Insight News

Tuesday
Sep 02nd

Journey to the Mother Land

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p1010652Early in 2011, I left my home in east Bloomington for South Africa to pursue my Master's degree at the University of Cape Town (UCT).

The night prior to my travels, for the first time I was consumed with immense fear and anxiety. I pushed through my frights and within three connecting flights and a seven-hour layover in Abu Dhabi, I had crossed the threshold –customs into Mama Afrika. The agent, whom I identified as Black, which I soon learned was indeed Coloured, looked at my passport, looked at me and said "Welcome home." With those two words all of my previous worries drifted away. While driving to my new digs – Capetonian lingo for home – near my school's campus, I was amazed, startled and very jet-lagged. I marveled at high glorious mountains, good infrastructure, beautiful two-story homes and hundreds of shacks made of tin, wood and even plastic.

grouppiccampingdscf3231My first semester at UCT was a struggle to say the least. My funds were low. I couldn't land a job. I was homesick. I was fascinated yet challenged with the Republic of South Africa's (RSA) politics and racial stratifications. I was confused with the school system and classes and most of all I found it hard to relate to people.

Although Cape Town is a cosmopolitan city, I found that many of the locals tend to remain with their own cultural or racial groups and the people at Uni–Capetonian, which is how we referred to the university and school, had known each other since undergrad. I also struggled with being viewed as Coloured and how and why Coloured people still viewed themselves as such. In November, my first year was coming to a close and although I started making more friends and enjoying the social scene, I had decided I would complete my thesis back home in Bloomington. However, after a week or so of being home, I felt the Afro-beat/Afro-house calling me back through the sounds of Liquideep – one of my favorite South African groups.


jhfeeding the babiesFebruary 2012 couldn't come quick enough. I was refilled and rejuvenated with excitement to return to the Mother City – a common nickname for Cape Town. This time, I decided not to live in the cozy suburb near my university. I moved into the city to an area called Zonnebloem – Afrikaans for sunflower – in the historic District Six area with Ola, my British-Nigerian friend, and Marjon, our new Dutch roommate. I would love to say I was knee deep in my thesis but this was not the case. Marjon and I partied our weekends away up and down Long Street – a long strip through the city lined with clubs, bars, hostels and restaurants similar to Hennepin Avenue or 1st Avenue in downtown Minneapolis.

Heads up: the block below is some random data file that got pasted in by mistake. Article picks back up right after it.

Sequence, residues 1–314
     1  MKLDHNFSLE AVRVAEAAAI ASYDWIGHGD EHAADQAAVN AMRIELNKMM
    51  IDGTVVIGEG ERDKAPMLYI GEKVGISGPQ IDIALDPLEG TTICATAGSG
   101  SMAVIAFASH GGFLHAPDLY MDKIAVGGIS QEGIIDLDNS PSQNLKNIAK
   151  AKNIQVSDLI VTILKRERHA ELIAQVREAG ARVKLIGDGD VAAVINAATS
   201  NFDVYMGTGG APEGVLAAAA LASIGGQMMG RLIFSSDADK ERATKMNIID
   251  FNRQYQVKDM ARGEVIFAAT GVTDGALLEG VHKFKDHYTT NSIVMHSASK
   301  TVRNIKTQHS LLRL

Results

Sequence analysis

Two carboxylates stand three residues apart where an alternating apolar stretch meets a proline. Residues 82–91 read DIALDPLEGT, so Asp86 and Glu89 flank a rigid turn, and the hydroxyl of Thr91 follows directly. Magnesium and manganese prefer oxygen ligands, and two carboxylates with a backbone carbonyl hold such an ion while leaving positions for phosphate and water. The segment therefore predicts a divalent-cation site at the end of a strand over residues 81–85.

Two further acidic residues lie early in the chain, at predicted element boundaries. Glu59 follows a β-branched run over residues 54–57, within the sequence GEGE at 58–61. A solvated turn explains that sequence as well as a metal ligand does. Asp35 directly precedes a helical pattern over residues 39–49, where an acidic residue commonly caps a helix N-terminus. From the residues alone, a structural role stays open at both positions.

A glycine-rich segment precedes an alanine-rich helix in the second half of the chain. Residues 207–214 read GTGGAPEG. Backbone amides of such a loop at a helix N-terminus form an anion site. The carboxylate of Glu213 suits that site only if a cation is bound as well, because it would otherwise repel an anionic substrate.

dscf4053Whenever friends asked me to join them for a sundowner – a gathering including wine and a snack, usually on a hill or a high balcony – to watch the sunset into the Atlantic Ocean, I was there. Marjon, Ola and I found any and every excuse to host braais – Afrikaans for barbecue, at our digs. I went on monthly – sometimes weekly – hikes up Lion's Head or nature reserves, and I volunteered with a school organization two to three times a week in Khayelitsha – an impoverished community known as a township.


Eventually, I was able to gain self-control and refocused on my thesis. I researched Coloured identity in RSA and I would even joke with the locals that I was from Mitchell's Plain – a historic and largely Coloured community. During school breaks, I travelled to the Western Cape, Eastern Cape, Kwa-Zulu Natal and even to Tanzania with my now best friend Rianne. At my Uni, I attended tense forums on issues of race, gender, sexuality and inequality in RSA.


In less than two years, I had fallen completely in love with the complexity I had come to know as RSA. I made friends from all over the world – Zimbabwe, Sweden, Netherlands, France, Democratic Republic of the Congo, Ghana, Mauritius, Norway, Belgium, India, Brazil and Germany. My South African friends shared with me their Indian, Zulu, Xhosa, Cape Malay Coloured, Afrikaans, Khoi and British cultures and the challenges they endure in South African society. I absolutely loved my new home away from home and I intended on making it my permanent home for years to come.


classmatesUnfortunately, I had run out of funds and was unable to find employment. Sourly, I returned to Bloomington where, I completed my thesis and longed for my next extended stay or at least another Cape Town beach day.
 
 
 
 
 
 
 
 
 
 
 
 
 

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